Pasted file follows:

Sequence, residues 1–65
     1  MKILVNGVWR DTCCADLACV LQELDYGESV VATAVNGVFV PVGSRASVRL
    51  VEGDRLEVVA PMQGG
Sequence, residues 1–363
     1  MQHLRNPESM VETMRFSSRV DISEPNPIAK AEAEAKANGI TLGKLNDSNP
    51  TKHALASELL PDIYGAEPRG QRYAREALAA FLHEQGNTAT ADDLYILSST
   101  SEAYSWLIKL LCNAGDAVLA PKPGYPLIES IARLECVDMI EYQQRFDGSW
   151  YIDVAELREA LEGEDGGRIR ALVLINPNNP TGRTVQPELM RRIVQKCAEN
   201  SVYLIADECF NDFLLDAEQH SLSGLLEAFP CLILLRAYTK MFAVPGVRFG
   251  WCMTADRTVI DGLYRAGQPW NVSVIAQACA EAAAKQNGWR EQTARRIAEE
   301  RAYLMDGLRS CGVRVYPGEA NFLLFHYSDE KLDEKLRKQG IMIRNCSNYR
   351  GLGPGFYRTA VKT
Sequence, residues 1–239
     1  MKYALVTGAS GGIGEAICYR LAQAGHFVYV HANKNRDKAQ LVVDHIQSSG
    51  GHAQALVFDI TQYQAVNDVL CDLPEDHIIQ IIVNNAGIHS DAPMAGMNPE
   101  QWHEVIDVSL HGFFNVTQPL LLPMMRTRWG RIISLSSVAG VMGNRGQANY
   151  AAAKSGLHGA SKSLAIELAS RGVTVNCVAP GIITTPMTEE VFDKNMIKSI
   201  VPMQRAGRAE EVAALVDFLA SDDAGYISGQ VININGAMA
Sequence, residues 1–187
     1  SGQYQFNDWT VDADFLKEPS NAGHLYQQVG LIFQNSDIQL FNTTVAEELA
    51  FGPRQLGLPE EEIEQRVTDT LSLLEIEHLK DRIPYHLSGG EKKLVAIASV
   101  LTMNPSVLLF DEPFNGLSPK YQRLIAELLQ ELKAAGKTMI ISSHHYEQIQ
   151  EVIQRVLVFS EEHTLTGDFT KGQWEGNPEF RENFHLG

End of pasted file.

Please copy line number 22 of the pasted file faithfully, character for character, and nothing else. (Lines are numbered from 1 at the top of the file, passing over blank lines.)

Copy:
   101  LTMNPSVLLF DEPFNGLSPK YQRLIAELLQ ELKAAGKTMI ISSHHYEQIQ